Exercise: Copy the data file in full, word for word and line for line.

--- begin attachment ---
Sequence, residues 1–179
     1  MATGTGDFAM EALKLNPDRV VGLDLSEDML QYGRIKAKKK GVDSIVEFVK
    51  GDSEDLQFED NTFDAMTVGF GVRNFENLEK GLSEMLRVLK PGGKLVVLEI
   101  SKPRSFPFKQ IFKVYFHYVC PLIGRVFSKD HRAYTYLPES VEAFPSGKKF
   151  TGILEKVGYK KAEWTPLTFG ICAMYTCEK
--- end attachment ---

Sequence, residues 1–179
     1  MATGTGDFAM EALKLNPDRV VGLDLSEDML QYGRIKAKKK GVDSIVEFVK
    51  GDSEDLQFED NTFDAMTVGF GVRNFENLEK GLSEMLRVLK PGGKLVVLEI
   101  SKPRSFPFKQ IFKVYFHYVC PLIGRVFSKD HRAYTYLPES VEAFPSGKKF
   151  TGILEKVGYK KAEWTPLTFG ICAMYTCEK